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Home > Cats > Why Do Cats Lick Each Other? 3 Likely Reasons

Why Do Cats Lick Each Other? 3 Likely Reasons

bengal cat licking each other

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Allogrooming is the scientific word for a creature washing or grooming another creature. Cats notoriously engage in allogrooming, and it can leave cat parents mystified as to why they would go so far as to lick the dirt from another cat’s coat.

Here’s the science behind why cats engage in allogrooming.


What Is Allogrooming?

Allogrooming is the process of grooming another animal. Most animals engage in some level of allogrooming. For example, primates often pick bugs off each other’s fur; even humans are fond of brushing each other’s hair and bathing their children.

It’s accepted that once you reach a certain age, you need to be able to groom yourself competently. But that doesn’t mean that having someone brush your hair or help you wipe off your makeup is terrible. On the contrary, allogrooming is a social mechanism. Some studies show that it reduces tension and builds stronger bonds between creatures.

The 3 Reasons Why Cats Groom Themselves and Each Other

Cats can lick and groom themselves for hours. Studies show that cats spend as much as 4% of every day grooming themselves. With all that bathing, it’s hard to imagine having time to groom someone else, too!

Grooming is an essential function in a cat’s life as well. While grooming tends to appear rhythmic, the cat is acting purely on instinct. In addition, studies show that grooming is a goal-oriented behavior in cats. In other words, your cat is doing their grooming actively engaged in what she’s doing rather than passively or subconsciously doing it.

There are many reasons a cat may groom herself. Cats are known to groom pretty ritualistically during different times of the day, and those other times indicate a lot of her motives when grooming.

1. Heat Transfer

One reason cats groom themselves is to transfer heat out of their bodies. A cat’s sweat glands are located in the paw pads, and an exceptionally small amount of space is cooled through sweating. However, when a cat licks her side and leaves a trail of saliva along with her fur, that saliva evaporates and cools her body. This process is known as evaporative cooling. Humans sweat, cats lick, and dogs pant, but the goal is all the same: to keep from overheating.

Two ginger cats grooming each other
Image By: Films42, Pixabay

2. Self-Soothing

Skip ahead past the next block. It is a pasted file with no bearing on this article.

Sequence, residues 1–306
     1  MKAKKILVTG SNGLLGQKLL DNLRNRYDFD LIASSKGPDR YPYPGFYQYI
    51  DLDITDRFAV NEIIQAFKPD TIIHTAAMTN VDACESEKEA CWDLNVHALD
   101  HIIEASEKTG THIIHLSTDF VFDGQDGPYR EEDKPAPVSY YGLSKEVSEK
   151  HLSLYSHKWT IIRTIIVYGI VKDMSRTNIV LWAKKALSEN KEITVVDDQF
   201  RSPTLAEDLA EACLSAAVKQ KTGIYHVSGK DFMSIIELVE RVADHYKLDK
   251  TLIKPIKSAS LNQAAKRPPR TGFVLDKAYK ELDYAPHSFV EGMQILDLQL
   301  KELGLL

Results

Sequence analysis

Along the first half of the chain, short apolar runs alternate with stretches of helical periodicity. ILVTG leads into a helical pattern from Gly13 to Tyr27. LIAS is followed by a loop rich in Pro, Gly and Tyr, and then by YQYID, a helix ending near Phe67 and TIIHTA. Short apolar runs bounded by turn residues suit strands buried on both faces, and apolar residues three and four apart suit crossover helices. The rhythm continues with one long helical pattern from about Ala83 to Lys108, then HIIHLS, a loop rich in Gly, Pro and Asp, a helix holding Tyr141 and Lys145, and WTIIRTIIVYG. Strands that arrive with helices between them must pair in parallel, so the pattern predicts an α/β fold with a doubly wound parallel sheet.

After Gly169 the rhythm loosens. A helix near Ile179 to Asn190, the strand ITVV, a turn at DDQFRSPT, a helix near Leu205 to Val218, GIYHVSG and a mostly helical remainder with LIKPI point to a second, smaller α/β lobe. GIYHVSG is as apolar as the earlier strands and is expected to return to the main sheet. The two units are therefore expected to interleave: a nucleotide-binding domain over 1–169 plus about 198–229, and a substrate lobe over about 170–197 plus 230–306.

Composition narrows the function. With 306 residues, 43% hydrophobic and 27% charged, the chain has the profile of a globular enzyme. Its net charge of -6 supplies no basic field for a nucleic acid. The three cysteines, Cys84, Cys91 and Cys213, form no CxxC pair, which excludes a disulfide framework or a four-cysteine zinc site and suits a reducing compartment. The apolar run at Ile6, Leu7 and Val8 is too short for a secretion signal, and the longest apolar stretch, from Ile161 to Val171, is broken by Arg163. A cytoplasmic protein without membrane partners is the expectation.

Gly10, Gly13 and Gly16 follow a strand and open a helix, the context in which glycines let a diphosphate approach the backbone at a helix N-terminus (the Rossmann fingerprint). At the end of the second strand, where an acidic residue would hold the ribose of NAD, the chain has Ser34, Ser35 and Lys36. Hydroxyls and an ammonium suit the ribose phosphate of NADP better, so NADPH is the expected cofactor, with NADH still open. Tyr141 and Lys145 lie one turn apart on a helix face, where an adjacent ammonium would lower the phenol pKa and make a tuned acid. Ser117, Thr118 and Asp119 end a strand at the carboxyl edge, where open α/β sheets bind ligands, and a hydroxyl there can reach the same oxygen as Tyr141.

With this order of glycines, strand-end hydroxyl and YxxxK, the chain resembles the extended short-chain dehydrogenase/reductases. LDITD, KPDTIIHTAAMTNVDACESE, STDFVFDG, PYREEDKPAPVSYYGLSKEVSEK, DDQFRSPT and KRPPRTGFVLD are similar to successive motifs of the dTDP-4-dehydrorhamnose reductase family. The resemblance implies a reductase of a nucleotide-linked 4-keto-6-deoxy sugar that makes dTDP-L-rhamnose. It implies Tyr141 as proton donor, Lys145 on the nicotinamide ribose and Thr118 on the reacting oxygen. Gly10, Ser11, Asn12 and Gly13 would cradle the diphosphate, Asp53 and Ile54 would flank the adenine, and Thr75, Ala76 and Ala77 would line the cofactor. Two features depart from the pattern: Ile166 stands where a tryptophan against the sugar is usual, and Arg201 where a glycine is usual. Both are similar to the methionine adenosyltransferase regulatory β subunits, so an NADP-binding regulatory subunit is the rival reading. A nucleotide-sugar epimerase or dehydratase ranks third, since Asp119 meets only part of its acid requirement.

Licking is a feeling your cat is used to. From the moment she is born until she dies, she’ll experience a lot of love through being licked. A kitten can’t groom herself well, but her mother can groom her. Thus, she learns to associate grooming with her mother’s love and affection.

When your cat is nervous or anxious, she may lick herself to calm herself down. By licking herself aggressively, she simulates the comforting feeling of her mother’s love.

3. Grooming Other Cats (or People)

So, what’s up with grooming another cat? Most of the time, when cats engage in allogrooming, they’re doing it as social and bonding behavior. By grooming each other, cats can show affection and bond.

The behavior starts in infancy. For example, your cat was shown love through grooming since she popped out of her mother’s womb. So, when she wants to go and show someone else she loves them, she repeats the process of how her mother expressed love for her.

Additionally, cats can reach every part of their bodies efficiently. Finally, allogrooming allows cats to keep their notoriously pristine coats, well, pristine.

Cats may also groom each other for any reason they groom themselves. For example, on hot days, your cats may lay down together and groom each other to keep cool, or your cat may groom her brother if he’s feeling anxious or on edge.

cat licking human fingers
Image By: congerdesign, Pixabay



While it may be weird to humans to think about licking another person, this behavior is healthy and essential for your cats to engage in. Your cat uses her tongue to express her love for you and her siblings and to calm and cool her body. Allogrooming should be encouraged in cats so that they bond and develop close relationships.

Featured Image Credit: Ilona Koeleman, Shutterstock

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